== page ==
A captivating, 16th century farmhouse, with an outbuilding,
in an Eure Valley village less than an hour from Paris
Maintenon, EURE-ET-LOIR center-val-de-loire 28130 FR


In the Centre Region near to the urban area around Chartres, where the Loire Valley and the Ile-de-France regions meet. This house is one of the oldest in the area, sufficiently set back off of the street, in a village crossed by a peaceful river. This property is fifty minutes from Paris by train. The train station, food shops as well as health and everyday amenities are within easy walking distance. Five minutes by road from a large town.


Proudly perched on its plot, this house follows the curving lie of the land. It takes up a strategic position in the centre of the property. Raised, it is set back off the street. One of the gable walls features a little wooden door that probably dates from the 16th century. It provides access to a cellar from the road. Facing south-north, the house has taken on the appearance over time of a traditional, long farmhouse. Transformed in the 17th century into a busy coaching inn where diaphanous light flooded in on all sides, it was topped with two upper levels in order to accommodate an unusual staff as it was used as a prison under the “Ancien Régime” (Old Order), bailiwick archives bearing witness to an escape trial under Louis XIV in what was to become a little peasant farm after the French Revolution. The house is topped with a gable roof, covered with local tiles and featuring a shed dormer. On the north side, a brick chimney stack, rising from the roof, centralises all the different flues. The walls constructed from flint and cob are rendered. On the south side of the ground floor, five windows flank two doors, framed with red brick surrounds. On the first floor of this same facade, four windows of varying sizes let in copious amounts of light and bear witness to the many transformations that the house has undergone over 400 years. On this facade and right next to the gateway, the house is extended by an access that opens into a spacious vaulted cellar. On the other side, the north facade: a stable door provides access to the raised section of the garden, whilst five windows, enhanced with lintels and brick framing, have wooden shutters as on the front of the house. An impressive, wood-clad barn is set at right angles to the house at the end of the plot.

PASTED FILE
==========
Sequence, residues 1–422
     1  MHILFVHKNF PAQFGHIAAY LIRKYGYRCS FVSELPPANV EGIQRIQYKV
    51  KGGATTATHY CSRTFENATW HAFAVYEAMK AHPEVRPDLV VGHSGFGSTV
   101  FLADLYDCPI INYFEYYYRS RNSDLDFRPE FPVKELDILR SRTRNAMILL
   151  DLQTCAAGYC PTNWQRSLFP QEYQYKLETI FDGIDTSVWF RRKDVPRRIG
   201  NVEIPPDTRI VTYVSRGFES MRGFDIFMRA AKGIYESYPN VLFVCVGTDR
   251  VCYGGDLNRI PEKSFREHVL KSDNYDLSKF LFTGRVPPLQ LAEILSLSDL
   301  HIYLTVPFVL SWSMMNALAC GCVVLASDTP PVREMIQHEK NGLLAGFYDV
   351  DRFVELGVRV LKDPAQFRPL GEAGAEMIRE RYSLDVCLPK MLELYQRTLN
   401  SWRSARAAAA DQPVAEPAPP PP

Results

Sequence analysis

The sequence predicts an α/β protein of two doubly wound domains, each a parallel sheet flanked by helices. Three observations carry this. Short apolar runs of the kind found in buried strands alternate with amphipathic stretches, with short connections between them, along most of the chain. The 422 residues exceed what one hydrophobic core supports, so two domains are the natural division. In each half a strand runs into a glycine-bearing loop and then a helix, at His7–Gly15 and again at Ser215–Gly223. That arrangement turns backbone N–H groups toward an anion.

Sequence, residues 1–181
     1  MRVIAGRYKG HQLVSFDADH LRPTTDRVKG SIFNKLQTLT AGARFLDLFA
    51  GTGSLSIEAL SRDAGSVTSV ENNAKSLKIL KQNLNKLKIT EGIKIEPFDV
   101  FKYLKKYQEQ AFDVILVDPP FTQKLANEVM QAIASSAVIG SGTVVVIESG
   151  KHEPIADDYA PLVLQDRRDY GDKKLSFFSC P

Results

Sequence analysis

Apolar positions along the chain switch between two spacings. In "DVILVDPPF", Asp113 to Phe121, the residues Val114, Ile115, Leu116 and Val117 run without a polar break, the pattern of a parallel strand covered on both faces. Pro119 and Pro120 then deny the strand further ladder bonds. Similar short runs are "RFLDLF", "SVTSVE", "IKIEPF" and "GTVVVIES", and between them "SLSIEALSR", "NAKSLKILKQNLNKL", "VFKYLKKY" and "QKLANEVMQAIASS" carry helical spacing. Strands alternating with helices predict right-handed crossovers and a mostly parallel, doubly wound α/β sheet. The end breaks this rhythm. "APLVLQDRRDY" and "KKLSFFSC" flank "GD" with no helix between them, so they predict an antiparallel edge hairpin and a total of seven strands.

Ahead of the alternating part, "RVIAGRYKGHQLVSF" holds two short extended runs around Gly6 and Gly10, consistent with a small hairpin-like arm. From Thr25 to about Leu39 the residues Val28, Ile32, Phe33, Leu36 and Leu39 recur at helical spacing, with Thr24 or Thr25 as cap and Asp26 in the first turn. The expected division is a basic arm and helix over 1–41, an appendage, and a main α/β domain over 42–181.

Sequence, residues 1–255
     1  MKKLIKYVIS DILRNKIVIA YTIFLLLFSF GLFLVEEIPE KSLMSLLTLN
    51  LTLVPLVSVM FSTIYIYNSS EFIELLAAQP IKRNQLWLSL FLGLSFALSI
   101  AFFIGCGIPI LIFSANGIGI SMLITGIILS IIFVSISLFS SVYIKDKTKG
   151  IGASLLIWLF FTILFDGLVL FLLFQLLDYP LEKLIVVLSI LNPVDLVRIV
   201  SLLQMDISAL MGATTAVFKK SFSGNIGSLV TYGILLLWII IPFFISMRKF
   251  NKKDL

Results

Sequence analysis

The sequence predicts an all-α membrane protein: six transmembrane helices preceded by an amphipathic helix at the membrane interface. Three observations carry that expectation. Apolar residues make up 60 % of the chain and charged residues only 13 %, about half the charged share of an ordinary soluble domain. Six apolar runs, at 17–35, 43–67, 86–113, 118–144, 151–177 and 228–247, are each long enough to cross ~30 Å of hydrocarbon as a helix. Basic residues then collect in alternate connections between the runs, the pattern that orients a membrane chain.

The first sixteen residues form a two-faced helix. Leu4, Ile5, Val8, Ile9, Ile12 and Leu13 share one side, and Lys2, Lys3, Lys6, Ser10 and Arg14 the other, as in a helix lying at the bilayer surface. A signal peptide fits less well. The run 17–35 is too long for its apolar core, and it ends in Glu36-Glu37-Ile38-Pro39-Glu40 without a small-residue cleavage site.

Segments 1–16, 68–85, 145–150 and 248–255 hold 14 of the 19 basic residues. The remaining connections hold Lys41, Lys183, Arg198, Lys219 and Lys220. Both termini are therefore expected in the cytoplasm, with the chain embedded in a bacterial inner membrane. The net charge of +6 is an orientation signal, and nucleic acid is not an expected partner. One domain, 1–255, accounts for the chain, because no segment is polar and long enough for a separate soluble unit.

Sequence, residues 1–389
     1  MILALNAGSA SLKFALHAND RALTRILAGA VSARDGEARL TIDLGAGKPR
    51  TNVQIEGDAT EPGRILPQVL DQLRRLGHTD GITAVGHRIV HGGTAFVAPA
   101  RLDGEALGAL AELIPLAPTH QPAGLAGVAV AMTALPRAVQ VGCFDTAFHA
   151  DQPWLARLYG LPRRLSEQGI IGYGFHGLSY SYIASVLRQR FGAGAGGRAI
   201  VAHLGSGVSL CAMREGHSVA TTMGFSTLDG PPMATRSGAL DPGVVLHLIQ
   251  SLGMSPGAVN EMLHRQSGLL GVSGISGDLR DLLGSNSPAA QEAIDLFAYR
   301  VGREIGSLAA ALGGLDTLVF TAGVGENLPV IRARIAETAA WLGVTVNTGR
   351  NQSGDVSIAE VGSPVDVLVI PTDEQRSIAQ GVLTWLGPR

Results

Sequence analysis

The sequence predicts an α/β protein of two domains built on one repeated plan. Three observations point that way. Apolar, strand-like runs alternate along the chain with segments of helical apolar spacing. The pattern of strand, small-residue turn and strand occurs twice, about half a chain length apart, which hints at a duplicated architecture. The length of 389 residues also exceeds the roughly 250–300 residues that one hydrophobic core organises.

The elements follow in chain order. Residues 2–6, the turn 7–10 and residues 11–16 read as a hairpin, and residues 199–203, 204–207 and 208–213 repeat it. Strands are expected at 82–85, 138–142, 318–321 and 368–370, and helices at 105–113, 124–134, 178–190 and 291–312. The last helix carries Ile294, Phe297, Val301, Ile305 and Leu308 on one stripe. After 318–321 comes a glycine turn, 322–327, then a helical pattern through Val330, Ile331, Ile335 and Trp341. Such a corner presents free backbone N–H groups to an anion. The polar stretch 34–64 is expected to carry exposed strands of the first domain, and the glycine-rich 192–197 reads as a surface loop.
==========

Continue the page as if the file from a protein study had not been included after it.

The house

This house, with its ground surface area of approx. 160 m², spans three levels. Once through the gates, visitors find the house set at right angles to the street. A wide rectangle of lawn, laid out in front of it, adjoins a woodshed. Around the gable are a second building and a terraced garden.

Ground floor
The entrance door on the south side opens directly into a dining room, forming the centre of the house as it opens, on one side, into all the rooms, almost all adjoining, and, on the other side, on to a spiral stairway. Lined with panelling and featuring walls painted in warm hues, the dining room includes a traditional fireplace and its brick bread oven in one corner. This room still exudes its character and rusticity of yesteryear. Facing it, the kitchen, housed behind an old door, is small but functional. Opening on to the garden on the north side, it is an extension of the house’s main room. Terracotta floor tiles and wide, robust ceiling beams are to be found in all the ground floor rooms. It is followed by a large lounge, with shapely Louis XV style, oak wood side tables under the windows and a wide brick fireplace, dating from the 16th and 17th centuries. A third large, adjoining room could be used as a study or a bedroom. All the walls are lined with panelling dating from the first half of the 19th century. A fireplace mantel and a Directoire-style, wooden trumeau are inserted between two openings. This room is extended on the south side by a curiosity, whose original function awaits definition: an unusual little, raised room, with a 19th century fireplace and terracotta floor tiles. Authenticity has been preserved throughout. Next to the kitchen, a room in use as a workshop bears witness to the era when the house became a farm. Said room opens into the garden on the north side via a stable door. A separate toilet.